MURRAY — It's time to ignore the ring: Utah's teen driver cellphone ban becomes law in less than a week. Adults can still talk on their cellphones behind the wheel, but beginning May 14, drivers under 18 will have to put them away or face a fine.
A group of 17-year-olds in Murray shared their feelings on the new law Friday. On one hand, the teens understand that talking and driving is dangerous, but they're also not so sure that their peers will change their phone habits.
"I don't drive with any friends who text. I'm not big on that, but I think for the most part everyone talks on the phone while they drive," said teen driver Jake Shapiro.
So, the teen cellphone ban means a change of habit until they're 18.
"I think it's good, but I don't know how they're going to enforce it," said Alex Butterfield, also a teen driver.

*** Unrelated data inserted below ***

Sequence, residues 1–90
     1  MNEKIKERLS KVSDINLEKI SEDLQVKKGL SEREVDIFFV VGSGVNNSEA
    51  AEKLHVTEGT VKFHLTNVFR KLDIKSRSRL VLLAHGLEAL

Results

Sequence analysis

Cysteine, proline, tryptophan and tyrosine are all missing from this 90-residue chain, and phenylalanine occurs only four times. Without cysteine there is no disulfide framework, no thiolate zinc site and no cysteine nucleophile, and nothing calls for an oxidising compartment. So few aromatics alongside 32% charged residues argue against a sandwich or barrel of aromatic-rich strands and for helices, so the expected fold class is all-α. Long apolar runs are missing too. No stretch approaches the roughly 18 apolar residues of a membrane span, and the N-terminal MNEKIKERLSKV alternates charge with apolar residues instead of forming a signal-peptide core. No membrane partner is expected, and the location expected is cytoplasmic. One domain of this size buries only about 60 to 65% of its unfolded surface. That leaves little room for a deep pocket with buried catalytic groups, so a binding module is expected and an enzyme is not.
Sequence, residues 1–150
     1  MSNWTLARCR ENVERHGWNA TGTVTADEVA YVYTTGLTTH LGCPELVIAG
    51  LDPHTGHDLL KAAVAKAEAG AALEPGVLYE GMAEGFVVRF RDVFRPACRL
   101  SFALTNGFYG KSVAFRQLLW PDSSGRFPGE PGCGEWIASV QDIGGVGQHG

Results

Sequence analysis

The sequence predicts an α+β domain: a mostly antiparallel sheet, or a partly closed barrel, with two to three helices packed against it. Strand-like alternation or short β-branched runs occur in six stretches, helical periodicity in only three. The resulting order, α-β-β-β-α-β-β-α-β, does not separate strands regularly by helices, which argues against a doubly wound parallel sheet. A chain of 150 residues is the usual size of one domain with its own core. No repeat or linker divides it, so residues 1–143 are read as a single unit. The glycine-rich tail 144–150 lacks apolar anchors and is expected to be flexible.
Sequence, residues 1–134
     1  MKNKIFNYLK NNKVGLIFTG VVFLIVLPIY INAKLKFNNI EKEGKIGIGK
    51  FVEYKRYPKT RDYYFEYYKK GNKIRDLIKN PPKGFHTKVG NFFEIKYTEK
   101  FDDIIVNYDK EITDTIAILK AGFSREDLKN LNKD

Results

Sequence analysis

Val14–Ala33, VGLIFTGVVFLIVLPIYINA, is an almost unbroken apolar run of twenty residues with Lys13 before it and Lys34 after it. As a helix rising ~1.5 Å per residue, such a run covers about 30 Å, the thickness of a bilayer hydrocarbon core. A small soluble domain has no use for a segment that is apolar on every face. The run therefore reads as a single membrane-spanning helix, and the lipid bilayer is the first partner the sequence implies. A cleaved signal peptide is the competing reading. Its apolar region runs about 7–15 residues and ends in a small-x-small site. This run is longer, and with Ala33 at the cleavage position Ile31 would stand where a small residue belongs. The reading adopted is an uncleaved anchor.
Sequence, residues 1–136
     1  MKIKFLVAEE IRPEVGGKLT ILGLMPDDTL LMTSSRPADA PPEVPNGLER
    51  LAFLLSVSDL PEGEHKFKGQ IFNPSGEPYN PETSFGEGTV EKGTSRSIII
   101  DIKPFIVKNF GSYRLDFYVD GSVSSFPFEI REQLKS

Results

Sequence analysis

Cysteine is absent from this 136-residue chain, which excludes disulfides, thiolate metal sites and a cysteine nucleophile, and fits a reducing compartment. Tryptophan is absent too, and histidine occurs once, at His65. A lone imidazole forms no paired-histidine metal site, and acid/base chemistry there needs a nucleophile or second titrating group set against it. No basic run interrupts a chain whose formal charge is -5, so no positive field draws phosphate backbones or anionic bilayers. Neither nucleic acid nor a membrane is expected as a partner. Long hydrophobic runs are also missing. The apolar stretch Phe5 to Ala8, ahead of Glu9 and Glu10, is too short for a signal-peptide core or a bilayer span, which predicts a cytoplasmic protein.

The objective of the law is to protect new drivers from distractions as they develop their driving skills.
"It's definitely distracting. Sometimes I even forget I'm driving," Shapiro said.
The teens said they're serious about not texting while driving.
"If we're driving, and the driver is texting, usually the rest of us in the car will be like, ‘Stop texting!'" said Annie Cowden.
Still, they're not so sure they'll always obey the new law.
"If my mom calls me, I feel like I'll answer still," Cowden said.
Actually, talking to a parent or legal guardian would still be legal under the new law. Teens can also use the phone to report a medical or safety hazard, or to report a crime. Anything else means a $25 fine, but no points against their record.
"It's a lot," Butterfield said. "We're on high school budgets, but it's not as bad as the texting fine."
That fine is more than $300.
But the young drivers are getting the message.
"Most accidents happen in your first few years," Butterfield said. "I've been in one. I wasn't using the phone, but it just takes that much more attention off of driving and on the phone."